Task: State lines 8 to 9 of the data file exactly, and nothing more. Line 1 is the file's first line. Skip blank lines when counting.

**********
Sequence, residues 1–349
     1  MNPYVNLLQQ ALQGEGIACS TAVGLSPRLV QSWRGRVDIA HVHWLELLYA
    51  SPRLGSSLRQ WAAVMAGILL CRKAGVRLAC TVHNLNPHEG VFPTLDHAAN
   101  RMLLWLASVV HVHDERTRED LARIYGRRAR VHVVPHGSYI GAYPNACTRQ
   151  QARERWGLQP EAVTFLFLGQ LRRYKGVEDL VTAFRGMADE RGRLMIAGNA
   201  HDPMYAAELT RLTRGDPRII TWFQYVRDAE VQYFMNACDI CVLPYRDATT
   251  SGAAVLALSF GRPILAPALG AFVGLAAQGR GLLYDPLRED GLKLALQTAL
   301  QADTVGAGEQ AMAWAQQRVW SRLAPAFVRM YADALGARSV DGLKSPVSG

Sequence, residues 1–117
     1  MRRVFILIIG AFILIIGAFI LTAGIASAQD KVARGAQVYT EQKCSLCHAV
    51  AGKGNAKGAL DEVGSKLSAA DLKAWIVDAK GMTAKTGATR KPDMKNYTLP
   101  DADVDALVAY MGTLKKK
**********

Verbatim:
   301  QADTVGAGEQ AMAWAQQRVW SRLAPAFVRM YADALGARSV DGLKSPVSG

Sequence, residues 1–117